This is one where it's so simple and basic that I'm not going to bother listing the recipe. Why bother even posting about it you ask? Well, I'm bored and it's what I had for lunch. Snapped a couple pictures, so I figured why not? Besides, this is one of the best comfort foods there is and you never know when someone might need detailed, step by step instructions on how to make it. When I was in grade school I almost always had grilled cheese and Postum for breakfast. Yes, for breakfast. And yes, Postum. Don't know what it is? Well, you won't ever see it now, sadly it's been discontinued. It was a coffee substitute that my mom drank but no one other than the two of us in my family (that I recall) could stand. I think she got the taste for it from her mom, but I'm not really sure.

Grilled cheese is one of the best things ever and very versatile. It goes great with soup or filled with all kinds of wonderful things. Cold cuts, bacon, onions, peppers, whatever you like. My brother used to use that super processed turkey-loaf stuff in them, he said it was wicked good. I couldn't bring myself to try it. Today it's ham.

So, like many other good things in life this starts off with butter. I used to spread it on the bread, but since I started using a nonstick skillet I've been melting the butter right on that. You don't want to heat up nonstick stuff without something on it, it's bad for everything. Have the heat set to medium or so, not too hot or it will burn. Now you need bread. I'm using some whole wheat bread that has 50% of your daily fiber needs in each serving. So that means this is healthy! No, don't say anything. I mean it! I'm not listening, lalalala... Done? Ok. Bread on the skillet, cheese on the bread. I'm using the scary American cheese slices because that's what I like in these. Grilled cheese is actually the only thing I like them with now, I guess my palate is becoming more sophisticated. Heh. This bread is kinda big, so I need extra cheese. If the entire slice of bread isn't covered by cheese then your sandwich is seriously flawed. I said don't say it! It's healthy! I will glare at you. All right? All right. Now, a couple slices of ham. I usually rip it up a bit or else I tend to bite into it and pull the whole slice out. Now more cheese. If you leave out this second layer of cheese your sandwich won't stay together and we can't have that. Now the other slice of bread. Once that side is nice and browned, flip it. You might need more butter on the skillet. Just slide the sandwich over, plop some more down then move it back in place. Now just wait till the other side is browned and the inside is hot and melty and that's it. I like to put a little garlic salt on mine, another legacy of those childhood sandwiches. Now eat it.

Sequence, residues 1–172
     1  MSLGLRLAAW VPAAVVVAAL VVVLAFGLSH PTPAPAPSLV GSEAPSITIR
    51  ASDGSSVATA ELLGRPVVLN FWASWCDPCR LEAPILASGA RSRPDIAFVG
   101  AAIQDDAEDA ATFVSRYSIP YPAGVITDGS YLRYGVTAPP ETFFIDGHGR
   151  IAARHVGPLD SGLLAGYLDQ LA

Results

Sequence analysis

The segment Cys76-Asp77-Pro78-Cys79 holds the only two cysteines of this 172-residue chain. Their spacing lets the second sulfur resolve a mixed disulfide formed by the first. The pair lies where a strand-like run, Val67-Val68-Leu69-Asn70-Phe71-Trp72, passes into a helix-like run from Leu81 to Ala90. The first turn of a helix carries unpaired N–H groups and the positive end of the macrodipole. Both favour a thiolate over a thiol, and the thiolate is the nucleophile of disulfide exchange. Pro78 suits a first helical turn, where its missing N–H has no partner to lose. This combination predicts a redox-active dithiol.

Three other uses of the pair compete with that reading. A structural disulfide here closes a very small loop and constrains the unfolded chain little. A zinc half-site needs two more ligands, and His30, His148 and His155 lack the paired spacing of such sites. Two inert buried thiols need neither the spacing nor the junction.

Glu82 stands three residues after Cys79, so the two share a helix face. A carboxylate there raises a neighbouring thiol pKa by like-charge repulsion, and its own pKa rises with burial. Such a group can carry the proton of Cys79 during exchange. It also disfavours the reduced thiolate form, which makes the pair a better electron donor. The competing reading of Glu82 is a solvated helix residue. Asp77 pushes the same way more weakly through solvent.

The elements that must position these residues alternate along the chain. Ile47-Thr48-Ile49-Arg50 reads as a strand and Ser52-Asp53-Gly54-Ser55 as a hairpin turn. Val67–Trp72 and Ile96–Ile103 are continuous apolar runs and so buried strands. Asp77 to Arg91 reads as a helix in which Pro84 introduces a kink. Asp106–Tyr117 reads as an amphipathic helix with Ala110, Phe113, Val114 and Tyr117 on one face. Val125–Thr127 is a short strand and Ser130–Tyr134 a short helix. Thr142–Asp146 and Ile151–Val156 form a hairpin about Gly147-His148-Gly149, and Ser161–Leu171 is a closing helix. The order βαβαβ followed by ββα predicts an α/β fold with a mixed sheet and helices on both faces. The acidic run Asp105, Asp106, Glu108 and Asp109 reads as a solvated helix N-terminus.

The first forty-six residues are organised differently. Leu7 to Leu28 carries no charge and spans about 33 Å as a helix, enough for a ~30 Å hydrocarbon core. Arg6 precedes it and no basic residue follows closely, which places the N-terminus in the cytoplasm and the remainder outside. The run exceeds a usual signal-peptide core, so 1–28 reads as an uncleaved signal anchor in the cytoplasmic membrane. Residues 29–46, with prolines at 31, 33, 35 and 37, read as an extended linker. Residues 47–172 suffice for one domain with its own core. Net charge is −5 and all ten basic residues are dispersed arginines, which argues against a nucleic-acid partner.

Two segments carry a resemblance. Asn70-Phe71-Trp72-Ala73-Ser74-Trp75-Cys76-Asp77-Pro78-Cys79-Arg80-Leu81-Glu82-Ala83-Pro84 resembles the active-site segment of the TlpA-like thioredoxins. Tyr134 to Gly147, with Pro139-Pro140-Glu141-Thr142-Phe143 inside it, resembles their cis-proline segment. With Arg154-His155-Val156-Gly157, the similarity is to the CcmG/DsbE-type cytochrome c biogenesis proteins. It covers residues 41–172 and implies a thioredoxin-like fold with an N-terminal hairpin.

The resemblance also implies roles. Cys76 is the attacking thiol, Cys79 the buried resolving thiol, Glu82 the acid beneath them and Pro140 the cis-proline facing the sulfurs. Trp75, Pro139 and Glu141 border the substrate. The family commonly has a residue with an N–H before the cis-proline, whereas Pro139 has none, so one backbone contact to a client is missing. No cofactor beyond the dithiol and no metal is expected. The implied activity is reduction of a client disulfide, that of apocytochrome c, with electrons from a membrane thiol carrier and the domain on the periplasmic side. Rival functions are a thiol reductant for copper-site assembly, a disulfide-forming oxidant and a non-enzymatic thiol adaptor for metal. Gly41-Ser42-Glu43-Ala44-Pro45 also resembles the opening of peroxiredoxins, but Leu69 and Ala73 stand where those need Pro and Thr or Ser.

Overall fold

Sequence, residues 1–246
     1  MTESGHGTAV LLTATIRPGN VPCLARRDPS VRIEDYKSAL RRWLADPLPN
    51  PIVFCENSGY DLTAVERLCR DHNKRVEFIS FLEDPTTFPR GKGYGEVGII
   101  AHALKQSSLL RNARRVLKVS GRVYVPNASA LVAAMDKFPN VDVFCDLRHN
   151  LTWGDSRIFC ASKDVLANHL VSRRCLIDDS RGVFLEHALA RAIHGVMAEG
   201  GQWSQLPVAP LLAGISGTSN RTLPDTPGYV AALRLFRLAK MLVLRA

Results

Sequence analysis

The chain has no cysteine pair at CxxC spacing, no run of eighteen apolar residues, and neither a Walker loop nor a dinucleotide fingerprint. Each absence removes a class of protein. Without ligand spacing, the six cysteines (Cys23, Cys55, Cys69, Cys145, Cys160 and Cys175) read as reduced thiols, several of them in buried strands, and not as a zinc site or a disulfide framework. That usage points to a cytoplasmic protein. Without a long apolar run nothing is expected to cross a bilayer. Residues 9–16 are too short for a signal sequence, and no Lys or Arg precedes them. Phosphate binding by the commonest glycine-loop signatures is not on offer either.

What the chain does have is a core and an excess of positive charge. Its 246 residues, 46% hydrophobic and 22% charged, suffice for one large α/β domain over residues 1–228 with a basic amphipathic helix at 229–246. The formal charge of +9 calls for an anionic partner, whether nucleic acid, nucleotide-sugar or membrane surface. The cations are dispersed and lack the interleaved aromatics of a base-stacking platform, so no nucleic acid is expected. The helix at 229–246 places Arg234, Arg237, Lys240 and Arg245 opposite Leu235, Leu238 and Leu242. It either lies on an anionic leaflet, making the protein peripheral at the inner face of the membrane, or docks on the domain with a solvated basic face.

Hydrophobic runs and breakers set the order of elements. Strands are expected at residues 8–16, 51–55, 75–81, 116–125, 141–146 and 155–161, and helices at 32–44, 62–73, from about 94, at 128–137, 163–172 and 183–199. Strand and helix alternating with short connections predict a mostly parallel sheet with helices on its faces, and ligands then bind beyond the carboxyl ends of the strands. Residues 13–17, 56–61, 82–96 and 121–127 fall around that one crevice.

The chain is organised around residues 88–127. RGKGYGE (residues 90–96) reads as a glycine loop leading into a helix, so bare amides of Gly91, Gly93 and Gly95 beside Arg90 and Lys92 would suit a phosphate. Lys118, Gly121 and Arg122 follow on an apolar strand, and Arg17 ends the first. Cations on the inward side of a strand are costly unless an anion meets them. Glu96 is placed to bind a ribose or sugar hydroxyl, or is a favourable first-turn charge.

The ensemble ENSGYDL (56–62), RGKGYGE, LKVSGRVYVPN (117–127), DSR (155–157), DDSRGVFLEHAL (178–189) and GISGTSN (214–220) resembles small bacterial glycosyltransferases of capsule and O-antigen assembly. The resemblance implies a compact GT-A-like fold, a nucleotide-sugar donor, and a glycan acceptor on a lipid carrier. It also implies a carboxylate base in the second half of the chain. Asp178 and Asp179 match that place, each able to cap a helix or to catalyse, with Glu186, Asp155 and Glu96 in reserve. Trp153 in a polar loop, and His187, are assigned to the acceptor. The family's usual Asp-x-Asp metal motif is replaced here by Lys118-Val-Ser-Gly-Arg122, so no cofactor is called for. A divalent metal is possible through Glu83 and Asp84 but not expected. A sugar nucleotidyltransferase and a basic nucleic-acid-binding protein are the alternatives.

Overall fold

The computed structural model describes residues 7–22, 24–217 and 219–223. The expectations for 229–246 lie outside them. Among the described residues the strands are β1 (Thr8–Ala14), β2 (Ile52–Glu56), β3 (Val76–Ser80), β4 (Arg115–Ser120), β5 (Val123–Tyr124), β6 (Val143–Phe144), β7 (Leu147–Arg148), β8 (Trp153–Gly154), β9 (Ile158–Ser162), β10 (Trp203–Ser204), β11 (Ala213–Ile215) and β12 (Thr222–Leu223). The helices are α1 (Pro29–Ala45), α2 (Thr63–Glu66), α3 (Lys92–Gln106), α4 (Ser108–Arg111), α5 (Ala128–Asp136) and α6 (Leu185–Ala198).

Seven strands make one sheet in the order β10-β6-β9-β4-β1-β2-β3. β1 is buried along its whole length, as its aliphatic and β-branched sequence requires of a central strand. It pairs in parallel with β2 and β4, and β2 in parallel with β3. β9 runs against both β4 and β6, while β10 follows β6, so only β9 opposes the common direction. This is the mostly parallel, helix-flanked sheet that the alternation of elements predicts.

Monday, October 20, 2008

Sloppy Joes

1 lb ground beef
2 8oz (or 1 15-16 oz) cans of plain tomato sauce
1/2 cup diced onion
1/2 cup diced green pepper
1 clove of minced garlic
1 tsp brown sugar
1 tbl red wine vinegar
1/2 tsp chili powder
1/4 tsp dry mustard

Brown ground beef and onion over medium-high heat. Add garlic and saute till fragrant, 30-40 seconds. Add tomato sauce, stir well and reduce heat to low. Add spices, sugar and vinegar and let simmer for a couple minutes. Add peppers and simmer till as thick as you like. Serve on buns.